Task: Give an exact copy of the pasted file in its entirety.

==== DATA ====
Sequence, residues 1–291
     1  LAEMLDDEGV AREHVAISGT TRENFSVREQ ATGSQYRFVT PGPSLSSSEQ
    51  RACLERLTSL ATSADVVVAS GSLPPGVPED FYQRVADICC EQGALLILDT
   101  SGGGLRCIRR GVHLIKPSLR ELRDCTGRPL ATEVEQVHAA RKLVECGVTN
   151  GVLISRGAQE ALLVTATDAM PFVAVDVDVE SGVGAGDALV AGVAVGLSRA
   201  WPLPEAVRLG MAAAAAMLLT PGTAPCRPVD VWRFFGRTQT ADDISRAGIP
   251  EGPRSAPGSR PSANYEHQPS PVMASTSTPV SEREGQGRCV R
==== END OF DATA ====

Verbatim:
Sequence, residues 1–291
     1  LAEMLDDEGV AREHVAISGT TRENFSVREQ ATGSQYRFVT PGPSLSSSEQ
    51  RACLERLTSL ATSADVVVAS GSLPPGVPED FYQRVADICC EQGALLILDT
   101  SGGGLRCIRR GVHLIKPSLR ELRDCTGRPL ATEVEQVHAA RKLVECGVTN
   151  GVLISRGAQE ALLVTATDAM PFVAVDVDVE SGVGAGDALV AGVAVGLSRA
   201  WPLPEAVRLG MAAAAAMLLT PGTAPCRPVD VWRFFGRTQT ADDISRAGIP
   251  EGPRSAPGSR PSANYEHQPS PVMASTSTPV SEREGQGRCV R